Tag Archives: entitlement

how about behavior reform?

When I started this blog, I wanted to keep personal details out of it. Mostly so if random people happened to find it, they wouldn’t discount my opinions because of my background or experiences. But, let’s be honest: who we are shapes our opinions, world views, understanding and expectations. Right? So, if readers choose to discount my perspective because of any personal details I happen to share, I didn’t want them here anyway!

In 2007 I was working, my husband was in school, and our insurance was provided through my employer. Then I had a baby and chose not to return to work. But because we needed insurance for some medical issues, we chose to pay COBRA for the next 6 or 8 months. COBRA cost us around $850/month, as much as the rent on our apartment.

During that time, I needed to have a small procedure done. It came up just as we were considering ending our COBRA coverage, so we figured we’d see which was the more economical option: pay the $850 for another month of coverage or pay for the procedure in cash. I asked my doctor what the procedure would cost. She had no idea. I asked the front desk people what it would cost, they had no idea. I asked the billing people and all they could tell me was, “Oh honey, it’d cost a few thousand dollars at best.” No one could give me an exact figure. So, we paid for another month of COBRA.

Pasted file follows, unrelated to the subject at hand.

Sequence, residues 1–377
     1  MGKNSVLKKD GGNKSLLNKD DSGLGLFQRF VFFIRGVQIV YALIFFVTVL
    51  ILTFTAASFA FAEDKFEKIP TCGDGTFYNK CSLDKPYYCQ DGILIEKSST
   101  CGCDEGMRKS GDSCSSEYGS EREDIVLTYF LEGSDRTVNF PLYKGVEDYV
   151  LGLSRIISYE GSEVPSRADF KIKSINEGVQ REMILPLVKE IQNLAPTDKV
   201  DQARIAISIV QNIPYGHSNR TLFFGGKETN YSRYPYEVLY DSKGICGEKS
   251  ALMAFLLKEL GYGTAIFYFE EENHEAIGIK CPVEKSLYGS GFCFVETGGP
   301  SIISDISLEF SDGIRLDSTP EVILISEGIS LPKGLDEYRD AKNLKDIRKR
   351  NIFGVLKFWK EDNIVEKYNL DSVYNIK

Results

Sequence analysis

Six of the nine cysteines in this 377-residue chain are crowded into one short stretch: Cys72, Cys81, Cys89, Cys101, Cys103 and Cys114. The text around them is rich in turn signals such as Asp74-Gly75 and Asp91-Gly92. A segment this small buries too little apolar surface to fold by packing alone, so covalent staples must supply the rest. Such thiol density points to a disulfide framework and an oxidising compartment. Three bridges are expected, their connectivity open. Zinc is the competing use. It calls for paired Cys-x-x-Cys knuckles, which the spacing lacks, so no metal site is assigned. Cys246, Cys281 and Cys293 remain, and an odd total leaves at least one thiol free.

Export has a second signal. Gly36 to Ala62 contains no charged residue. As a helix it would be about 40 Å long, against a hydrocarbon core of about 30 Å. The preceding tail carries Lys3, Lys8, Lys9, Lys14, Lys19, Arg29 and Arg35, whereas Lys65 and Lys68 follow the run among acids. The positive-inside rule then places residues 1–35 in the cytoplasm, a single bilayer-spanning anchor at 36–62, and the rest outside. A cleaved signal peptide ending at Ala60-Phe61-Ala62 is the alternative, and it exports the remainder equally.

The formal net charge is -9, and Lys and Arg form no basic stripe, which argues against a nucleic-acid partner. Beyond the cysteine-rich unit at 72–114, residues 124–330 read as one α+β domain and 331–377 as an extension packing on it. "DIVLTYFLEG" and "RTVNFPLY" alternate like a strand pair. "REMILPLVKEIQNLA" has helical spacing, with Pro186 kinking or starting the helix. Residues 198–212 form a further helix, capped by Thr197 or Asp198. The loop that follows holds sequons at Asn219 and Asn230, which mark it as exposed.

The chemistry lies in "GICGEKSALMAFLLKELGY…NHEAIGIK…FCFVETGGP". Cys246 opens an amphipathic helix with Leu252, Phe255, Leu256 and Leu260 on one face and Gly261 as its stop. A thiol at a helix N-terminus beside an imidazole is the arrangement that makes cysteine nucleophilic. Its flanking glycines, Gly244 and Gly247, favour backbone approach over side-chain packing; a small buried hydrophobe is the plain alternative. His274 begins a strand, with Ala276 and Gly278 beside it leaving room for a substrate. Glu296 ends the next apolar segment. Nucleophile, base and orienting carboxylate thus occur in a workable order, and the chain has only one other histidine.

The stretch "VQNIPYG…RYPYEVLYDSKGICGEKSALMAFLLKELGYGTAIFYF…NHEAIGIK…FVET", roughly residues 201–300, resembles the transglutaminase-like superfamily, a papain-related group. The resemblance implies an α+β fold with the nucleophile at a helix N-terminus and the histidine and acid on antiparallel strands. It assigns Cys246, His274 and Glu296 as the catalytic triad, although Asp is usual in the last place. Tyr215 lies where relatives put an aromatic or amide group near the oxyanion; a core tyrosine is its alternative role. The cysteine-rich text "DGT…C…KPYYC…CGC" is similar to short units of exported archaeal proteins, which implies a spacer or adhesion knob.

But it’s hit me lately that, as consumers, it’s almost impossible for us to operate within the healthcare market the same way we operate within other markets. My husband, for example, is a huge deal hunter. He researches, he studies, he shops around, he gets the best deal he can find. I don’t think we pay full price for much of anything, and it’s great to be able to choose how we spend our money on the items we want or need.

With our healthcare, however, we don’t even question the cost. Why? Because “our insurance covers it.” Someone else is paying for it. We’ve even adopted the attitude that, “Well, I probably could just wait out this cold, but shoot, it’s only $5 to see the doctor, I might as well go in.” What does that doctor visit really cost? Who knows? $100? $10? If the healthcare market actually functioned like every other market in this country, I’d call around and see which doctor had the best rates (combined with the best quality of service) before going in and spending my money on a visit.

Before we blow trillions of dollars on sweeping healthcare reform, why don’t we focus on behavior reform? If consumers could understand comparison shopping and financial accountability, they’d force the market to become competitive, all without government involvement or mandates. How to achieve this, I have no idea, but letting the credit market crash would’ve been a good start.

This video demonstrates my point exactly! And I appreciate how he clarifies that insurance initially existed to cover huge expenses like cancer treatment, catastrophic emergencies, etc., not routine, day-to-day care. Can’t we get back to that way of thinking?